Dec 23

Configure NTP server (Chrony) on CentOS / RHEL7

Classic NTP is replaced by Chrony and  CentOS / RHEL7 is no longer use it, instead it’s default is Chrony.  The Chrony is a different implementation of the network time protocol (NTP) than the network time protocol daemon (ntpd)  that is able to synchronize the system clock faster and with better accuracy than ntpd. Here is little comparison between Chronyd and NTPd


Things chrony can do better than ntp:

  • chrony can perform usefully in an environment where access to the time reference is intermittent. ntp needs regular polling of the reference to work well.
  • chrony can usually synchronise the clock faster and with better time accuracy.
  • chrony quickly adapts to sudden changes in the rate of the clock (e.g. due to changes in the temperature of the crystal oscillator). ntp may need a long time to settle down again.
  • chrony can perform well even when the network is congested for longer periods of time.
  • chrony in the default configuration never steps the time to not upset other running programs. ntp can be configured to never step the time too, but in that case it has to use a different means of adjusting the clock (daemon loop instead of kernel discipline), which may have a negative effect on accuracy of the clock.
  • chrony can adjust the rate of the clock in a larger range, which allows it to operate even on machines with broken or unstable clock (e.g. in some virtual machines).
  • chrony is smaller, it uses less memory and it wakes up the CPU only when necessary, which is better for power saving.


Things chrony can do that ntp can’t:

  • chrony provides support for isolated networks whether the only method of time correction is manual entry (e.g. by the administrator looking at a clock). chrony can look at the errors corrected at different updates to work out the rate at which the computer gains or loses time, and use this estimate to trim the computer clock subsequently.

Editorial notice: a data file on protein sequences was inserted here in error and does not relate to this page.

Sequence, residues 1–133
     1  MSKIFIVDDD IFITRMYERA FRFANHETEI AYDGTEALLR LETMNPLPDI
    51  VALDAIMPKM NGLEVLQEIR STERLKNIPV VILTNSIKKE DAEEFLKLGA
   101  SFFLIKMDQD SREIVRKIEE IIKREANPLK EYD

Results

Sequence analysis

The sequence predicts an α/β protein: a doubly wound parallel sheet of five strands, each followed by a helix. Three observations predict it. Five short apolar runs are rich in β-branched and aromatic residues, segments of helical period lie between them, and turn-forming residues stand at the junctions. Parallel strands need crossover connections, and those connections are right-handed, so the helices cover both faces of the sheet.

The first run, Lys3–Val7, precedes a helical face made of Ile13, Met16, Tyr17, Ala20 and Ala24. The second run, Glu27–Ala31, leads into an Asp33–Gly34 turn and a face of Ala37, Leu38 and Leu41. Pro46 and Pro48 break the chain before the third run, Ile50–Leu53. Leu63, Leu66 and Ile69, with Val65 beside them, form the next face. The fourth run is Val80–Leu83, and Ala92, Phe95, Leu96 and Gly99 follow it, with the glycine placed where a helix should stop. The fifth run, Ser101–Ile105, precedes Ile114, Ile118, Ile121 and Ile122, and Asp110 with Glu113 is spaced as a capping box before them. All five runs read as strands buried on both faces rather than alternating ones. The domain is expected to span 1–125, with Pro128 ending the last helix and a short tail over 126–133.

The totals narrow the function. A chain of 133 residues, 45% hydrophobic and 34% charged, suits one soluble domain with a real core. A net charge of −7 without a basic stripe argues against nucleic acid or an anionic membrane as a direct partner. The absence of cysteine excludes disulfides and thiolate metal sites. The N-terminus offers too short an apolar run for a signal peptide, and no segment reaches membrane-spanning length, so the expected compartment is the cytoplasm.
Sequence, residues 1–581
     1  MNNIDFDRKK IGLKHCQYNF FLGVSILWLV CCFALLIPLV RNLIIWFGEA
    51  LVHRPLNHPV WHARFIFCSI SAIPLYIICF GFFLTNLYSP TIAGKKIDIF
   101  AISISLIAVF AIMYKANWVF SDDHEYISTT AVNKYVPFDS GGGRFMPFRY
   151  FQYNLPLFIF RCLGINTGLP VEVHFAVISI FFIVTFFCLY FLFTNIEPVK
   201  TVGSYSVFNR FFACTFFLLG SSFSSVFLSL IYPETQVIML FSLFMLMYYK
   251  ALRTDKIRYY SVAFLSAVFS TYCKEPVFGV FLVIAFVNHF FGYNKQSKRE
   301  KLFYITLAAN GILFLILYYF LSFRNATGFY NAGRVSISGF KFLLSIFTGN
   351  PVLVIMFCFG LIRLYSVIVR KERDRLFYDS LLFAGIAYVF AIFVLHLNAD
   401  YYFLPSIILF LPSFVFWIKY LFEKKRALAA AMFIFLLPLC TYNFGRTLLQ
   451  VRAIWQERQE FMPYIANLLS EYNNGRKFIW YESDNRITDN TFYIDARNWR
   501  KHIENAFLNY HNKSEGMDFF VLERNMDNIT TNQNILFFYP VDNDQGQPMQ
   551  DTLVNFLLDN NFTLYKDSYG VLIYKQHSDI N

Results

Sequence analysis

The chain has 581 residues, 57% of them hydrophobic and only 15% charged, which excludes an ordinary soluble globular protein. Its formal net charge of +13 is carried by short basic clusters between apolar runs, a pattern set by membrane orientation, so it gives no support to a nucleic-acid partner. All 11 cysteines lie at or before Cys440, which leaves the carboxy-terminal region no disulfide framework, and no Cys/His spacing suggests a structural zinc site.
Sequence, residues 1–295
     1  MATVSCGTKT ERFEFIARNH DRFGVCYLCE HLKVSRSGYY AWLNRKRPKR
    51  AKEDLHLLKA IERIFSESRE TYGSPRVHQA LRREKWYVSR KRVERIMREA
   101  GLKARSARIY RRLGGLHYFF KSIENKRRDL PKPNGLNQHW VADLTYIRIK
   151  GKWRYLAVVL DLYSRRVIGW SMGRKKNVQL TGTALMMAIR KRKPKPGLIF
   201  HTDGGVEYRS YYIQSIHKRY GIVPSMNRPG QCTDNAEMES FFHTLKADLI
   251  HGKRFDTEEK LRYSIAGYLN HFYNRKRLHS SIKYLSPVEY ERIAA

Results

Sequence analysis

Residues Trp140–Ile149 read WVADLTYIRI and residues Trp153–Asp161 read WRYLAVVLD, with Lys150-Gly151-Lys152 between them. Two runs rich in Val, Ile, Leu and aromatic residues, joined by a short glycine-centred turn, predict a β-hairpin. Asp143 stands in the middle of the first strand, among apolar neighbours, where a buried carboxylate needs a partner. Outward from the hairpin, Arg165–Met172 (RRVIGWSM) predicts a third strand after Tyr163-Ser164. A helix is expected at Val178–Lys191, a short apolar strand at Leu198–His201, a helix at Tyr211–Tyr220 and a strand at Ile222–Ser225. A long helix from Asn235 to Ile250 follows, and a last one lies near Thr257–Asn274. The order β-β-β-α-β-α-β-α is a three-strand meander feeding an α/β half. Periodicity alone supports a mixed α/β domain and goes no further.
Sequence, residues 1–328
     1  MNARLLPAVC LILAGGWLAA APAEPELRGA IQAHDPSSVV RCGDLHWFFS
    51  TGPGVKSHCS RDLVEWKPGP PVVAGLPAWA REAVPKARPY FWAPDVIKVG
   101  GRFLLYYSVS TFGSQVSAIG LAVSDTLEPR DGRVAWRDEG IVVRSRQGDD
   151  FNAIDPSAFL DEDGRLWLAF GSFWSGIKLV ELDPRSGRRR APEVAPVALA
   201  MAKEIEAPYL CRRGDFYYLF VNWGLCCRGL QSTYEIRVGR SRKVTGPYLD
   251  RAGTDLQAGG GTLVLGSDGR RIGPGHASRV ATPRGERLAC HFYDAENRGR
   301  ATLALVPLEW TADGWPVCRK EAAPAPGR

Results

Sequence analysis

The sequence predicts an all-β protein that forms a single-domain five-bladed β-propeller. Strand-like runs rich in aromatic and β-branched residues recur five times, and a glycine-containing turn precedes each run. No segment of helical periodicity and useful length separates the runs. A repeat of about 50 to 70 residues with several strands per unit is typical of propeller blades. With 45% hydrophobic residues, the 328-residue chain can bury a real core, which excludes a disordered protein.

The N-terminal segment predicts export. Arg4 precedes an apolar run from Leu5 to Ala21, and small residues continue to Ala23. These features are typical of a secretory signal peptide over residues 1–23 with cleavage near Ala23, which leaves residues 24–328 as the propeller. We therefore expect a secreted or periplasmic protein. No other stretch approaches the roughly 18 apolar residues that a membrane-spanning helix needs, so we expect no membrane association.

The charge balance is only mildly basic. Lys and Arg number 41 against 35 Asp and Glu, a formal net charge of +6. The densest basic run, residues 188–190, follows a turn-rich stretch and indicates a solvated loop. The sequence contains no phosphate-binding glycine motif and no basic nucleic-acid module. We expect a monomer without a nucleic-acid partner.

• chrony provides support to work out the gain or loss rate of the real-time clock, i.e. the clock that maintains the time when the computer is turned off. It can use this data when the system boots to set the system time from a corrected version of the real-time clock. These real-time clock facilities are only available on Linux, so far.


Things ntp can do that chrony can’t:

  • ntp supports all operating modes from RFC 5905, including broadcast, multicast, and manycast server/client. However, the broadcast and multicast modes are inherently less accurate and less secure (even with authentication) than the ordinary server/client mode and should generally be avoided.
  • ntp supports the Autokey protocol (RFC 5906) to authenticate servers with public-key cryptography. Note that the protocol has been shown to be insecure and it will be probably replaced with an implementation of the Network Time Security (NTS) specification.
  • ntp has been ported to more operating systems.
  • ntp includes a large number of reference clock drivers. chrony relies on other programs (e.g. gpsd) to access the timing data via the SHM or SOCK driver.


So let’s look at how to Configure NTP server (Chrony) on CentOS / RHEL7

1) Install Chrony


2) Change servers for synchronization

this step is optional, you can skip if do not want to customize NTP servers


then commented out default servers and add your own NTP servers .


3) Disable NTP server and start chronyd


4) Verify NTP sources

chronyc sources -V

chronyc sources -V

5) Verify NTP time synchronization


Have a Nice day 😀